Top 5 Ways To Incorporate Breathwork Into Your Cold Plunge Routine

Top 5 Ways To Incorporate Breathwork Into Your Cold Plunge Routine

We are so excited to share these knowledge gems with you directly from experienced ice bath coach Miles Lukas!

Incorporating breathwork into your ice bath routine can elevate your experience. Here are the top 5 proven ways to integrate breathwork before, during and after cold plunging:


1. Use Deep Breaths to Warm Up Your Intercostal Muscles

Before the plunge, use deep breaths to warm up your intercostal muscles, which can be a source of warmth for your whole body.

In a study in 2019, Wim Hof was put in a PET Scan and given a specially designed suit with cold water channels to cool his skin surface intentionally. This experiment would help us understand where energy was coming from inside his body to keep him warm. Until this experiment, it was thought thermoregulation was mainly due to brown fat, the cells dense with mitochondria most prominent around the neck and shoulders. Wim proved he could keep his skin temperate from changing while exposed to cold water.

cold therapy for all, designed for you

2. Use Wim Hof Method Breathwork To Improve Pain Tolerance and Focus

A few rounds of Wim Hof Method breathwork before plunging into an ice bath can change your brainwaves in ways that improve pain tolerance and focus.

In the brain scans done on Wim Hof in the "Brain Over Body" experiment, activity in certain areas increased, stimulating the release of endogenous opioids and endocannabinoids. DMT Quest has also done brain scans before and after WHM breathwork, concluding that we significantly increase the Gamma wave activity, the highest frequency, corresponding to meditation and heightened focus.

During the Plunge

3. Try Full In-Breaths Followed By a Pause to Improve Heart Rate and Circulation

During your plunge, full in-breaths followed by a pause can manipulate heart rate and circulation.

The medical term Valsalva Maneuver means creating intrathoracic pressure by pushing against a close airway or holding your breath. The Valsalva Maneuver does three things. First, it opens space in your chest for your heart so it can beat easier. It relaxes cerebral blood—lastly, it pushes blood to your extremities. We should NEVER do significant breath holds in the water for safety precautions. We can intentionally use some diaphragmatic engagement to create intrathoracic pressure. This short breath pause would likely give a portion of the benefit from the Valsalva Maneuver.

4. Use Long Breath Exhales to Reduce Heart Rate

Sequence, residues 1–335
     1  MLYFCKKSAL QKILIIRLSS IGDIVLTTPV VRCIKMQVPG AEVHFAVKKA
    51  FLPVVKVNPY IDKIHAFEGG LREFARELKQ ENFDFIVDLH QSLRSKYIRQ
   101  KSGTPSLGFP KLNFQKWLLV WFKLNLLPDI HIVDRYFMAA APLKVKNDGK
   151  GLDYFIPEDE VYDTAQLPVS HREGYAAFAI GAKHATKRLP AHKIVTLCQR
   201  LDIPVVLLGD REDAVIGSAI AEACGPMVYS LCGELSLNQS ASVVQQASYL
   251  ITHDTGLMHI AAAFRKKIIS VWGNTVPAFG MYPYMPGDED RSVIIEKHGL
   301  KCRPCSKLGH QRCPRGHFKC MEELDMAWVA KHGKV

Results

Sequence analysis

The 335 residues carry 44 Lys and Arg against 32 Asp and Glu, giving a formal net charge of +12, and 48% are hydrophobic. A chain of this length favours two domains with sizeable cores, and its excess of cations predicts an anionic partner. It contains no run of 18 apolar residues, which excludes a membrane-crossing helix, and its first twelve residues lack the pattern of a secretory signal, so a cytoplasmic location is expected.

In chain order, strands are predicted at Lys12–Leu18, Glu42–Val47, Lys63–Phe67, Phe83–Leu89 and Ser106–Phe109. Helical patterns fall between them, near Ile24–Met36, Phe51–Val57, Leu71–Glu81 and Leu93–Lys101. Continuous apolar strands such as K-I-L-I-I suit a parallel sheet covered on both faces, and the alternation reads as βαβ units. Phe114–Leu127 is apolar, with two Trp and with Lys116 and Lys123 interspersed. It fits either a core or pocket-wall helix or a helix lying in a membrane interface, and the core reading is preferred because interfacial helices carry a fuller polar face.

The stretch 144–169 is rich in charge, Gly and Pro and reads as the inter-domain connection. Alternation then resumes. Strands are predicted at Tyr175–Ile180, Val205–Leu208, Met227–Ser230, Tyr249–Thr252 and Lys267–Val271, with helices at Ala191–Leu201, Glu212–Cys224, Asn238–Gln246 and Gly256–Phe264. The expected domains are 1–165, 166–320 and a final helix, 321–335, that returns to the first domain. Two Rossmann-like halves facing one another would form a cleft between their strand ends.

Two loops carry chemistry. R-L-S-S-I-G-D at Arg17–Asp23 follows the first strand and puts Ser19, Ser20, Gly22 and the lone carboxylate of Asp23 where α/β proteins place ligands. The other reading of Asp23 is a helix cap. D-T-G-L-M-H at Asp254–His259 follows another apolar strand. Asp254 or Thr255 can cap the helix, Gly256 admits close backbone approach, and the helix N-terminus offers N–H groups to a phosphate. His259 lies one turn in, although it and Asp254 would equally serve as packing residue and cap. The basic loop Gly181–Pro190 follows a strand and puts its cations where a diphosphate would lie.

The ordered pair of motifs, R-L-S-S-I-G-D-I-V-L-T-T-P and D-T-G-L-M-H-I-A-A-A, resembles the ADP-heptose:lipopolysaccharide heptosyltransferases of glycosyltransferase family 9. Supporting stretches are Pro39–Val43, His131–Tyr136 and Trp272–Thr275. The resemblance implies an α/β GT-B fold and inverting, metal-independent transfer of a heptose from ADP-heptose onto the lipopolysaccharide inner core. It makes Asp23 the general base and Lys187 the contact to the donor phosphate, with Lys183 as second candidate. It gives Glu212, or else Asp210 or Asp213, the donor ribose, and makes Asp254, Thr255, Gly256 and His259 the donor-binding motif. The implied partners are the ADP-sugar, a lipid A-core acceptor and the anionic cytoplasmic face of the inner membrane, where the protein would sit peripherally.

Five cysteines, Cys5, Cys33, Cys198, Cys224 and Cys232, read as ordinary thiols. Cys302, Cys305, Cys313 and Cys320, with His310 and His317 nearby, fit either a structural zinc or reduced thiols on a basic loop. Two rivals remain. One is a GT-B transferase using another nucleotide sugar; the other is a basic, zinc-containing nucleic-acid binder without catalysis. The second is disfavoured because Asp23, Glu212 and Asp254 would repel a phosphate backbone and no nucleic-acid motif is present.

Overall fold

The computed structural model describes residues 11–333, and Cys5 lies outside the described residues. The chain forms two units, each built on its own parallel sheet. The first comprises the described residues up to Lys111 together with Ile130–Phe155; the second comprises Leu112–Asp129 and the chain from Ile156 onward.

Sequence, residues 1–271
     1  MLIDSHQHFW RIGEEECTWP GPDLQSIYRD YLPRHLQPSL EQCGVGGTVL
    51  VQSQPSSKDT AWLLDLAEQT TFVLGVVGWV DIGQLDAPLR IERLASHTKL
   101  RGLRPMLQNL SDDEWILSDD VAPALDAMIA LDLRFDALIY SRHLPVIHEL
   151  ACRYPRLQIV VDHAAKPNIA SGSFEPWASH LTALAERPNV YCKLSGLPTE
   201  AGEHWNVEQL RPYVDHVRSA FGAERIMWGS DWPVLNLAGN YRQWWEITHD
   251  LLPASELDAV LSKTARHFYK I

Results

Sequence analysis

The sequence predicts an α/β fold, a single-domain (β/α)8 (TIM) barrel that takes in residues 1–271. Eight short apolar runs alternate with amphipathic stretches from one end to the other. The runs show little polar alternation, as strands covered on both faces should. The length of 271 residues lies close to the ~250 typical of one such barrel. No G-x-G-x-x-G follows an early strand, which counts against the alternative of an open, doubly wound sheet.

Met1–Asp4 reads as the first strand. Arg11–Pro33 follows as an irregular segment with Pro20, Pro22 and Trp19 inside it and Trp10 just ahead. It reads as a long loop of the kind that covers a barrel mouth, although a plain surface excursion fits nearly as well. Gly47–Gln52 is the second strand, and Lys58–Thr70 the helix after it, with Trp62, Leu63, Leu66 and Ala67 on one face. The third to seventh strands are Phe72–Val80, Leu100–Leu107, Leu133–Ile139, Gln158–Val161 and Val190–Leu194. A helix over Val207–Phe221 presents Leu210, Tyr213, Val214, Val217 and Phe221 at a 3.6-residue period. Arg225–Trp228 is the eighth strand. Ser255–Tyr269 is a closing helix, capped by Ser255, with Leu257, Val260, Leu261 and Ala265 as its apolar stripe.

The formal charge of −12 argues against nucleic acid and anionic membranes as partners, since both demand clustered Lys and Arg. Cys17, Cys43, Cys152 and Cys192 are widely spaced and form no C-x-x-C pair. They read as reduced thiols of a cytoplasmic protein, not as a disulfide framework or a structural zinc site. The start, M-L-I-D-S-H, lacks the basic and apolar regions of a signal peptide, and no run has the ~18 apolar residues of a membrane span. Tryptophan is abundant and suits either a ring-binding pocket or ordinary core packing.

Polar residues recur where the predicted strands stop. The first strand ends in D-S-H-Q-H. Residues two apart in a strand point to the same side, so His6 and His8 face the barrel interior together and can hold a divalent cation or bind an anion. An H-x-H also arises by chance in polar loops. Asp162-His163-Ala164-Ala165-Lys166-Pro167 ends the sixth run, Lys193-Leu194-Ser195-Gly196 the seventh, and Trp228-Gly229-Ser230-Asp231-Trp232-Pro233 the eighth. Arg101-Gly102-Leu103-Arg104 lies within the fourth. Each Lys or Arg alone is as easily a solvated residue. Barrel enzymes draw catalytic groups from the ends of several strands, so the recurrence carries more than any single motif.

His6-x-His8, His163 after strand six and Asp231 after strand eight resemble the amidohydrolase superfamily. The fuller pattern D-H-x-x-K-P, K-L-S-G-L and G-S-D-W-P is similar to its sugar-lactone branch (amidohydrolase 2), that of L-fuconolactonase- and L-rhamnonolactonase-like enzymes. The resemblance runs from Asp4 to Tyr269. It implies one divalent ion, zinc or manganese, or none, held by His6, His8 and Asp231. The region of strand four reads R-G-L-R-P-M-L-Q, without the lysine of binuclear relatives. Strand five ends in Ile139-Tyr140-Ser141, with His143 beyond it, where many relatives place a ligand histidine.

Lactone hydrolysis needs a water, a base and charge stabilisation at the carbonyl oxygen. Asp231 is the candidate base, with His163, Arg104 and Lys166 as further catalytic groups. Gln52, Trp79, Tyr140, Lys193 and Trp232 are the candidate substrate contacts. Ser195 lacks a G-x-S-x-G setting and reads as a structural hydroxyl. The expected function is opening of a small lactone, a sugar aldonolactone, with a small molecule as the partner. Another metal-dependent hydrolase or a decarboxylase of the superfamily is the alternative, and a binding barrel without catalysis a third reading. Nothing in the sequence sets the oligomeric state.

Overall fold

Long breath exhales will reduce your heart rate (HR) and increase your calm during the ice bath session.

When you breathe in, your HR raises. When you breathe out, it slows down. So, you can intentionally lower your HR with a short breath in and a long breath out. A couple of tips are, don't go too slow where you would have some air hunger. Also, breathing out by capturing the air in your mouth and slowly releasing it through your teeth and a tiny bit of mouth tension allows you to deflate while using very little energy. Here is a video example with an HR monitor.

take the plunge

After the Plunge

5. Warm Up Using a Few Rapid Breaths Followed By Slow Breaths

If you feel cold or are shivering after your plunge, a few rapid breaths combined with slow breaths will warm you up.

In studies of Tummo practitioners who could withstand incredibly low temperatures for long durations, they divided the practice into two breath patterns, Fast breathing (FB) and Slow Breathing (SB). FB will accelerate your heart rate and warm your intercostal muscles, especially when combined with physical movement. However, when CO2 gets too low from the FB, you can get a vascular constriction. So then, once you've assisted warming your core blood flow, breath holds, or SB allows CO2 to build back up, causing vascular dilation and allowing that warm blood to circulate more efficiently.

In conclusion, intense breathwork, a cooling down period, and calming breathing techniques will prepare you and get you through many physical and mental challenges. Also, this breathwork may prime your nervous system before cold exposure or any challenging psychological or physical pursuit.

Just like you warm up your muscles before working out, it works the same for your nervous system. If you are in freezing temperatures, you may notice that these techniques before and after will significantly affect your ability and comfort.

Happy plunging, my friends!

- Miles Lukas
Wim Hof Method & Brazilian Jiu-Jitsu Black Belt Instructor

Get started with the top plunge tub on the market, or learn about our financing options today!

free cold plunging protocol download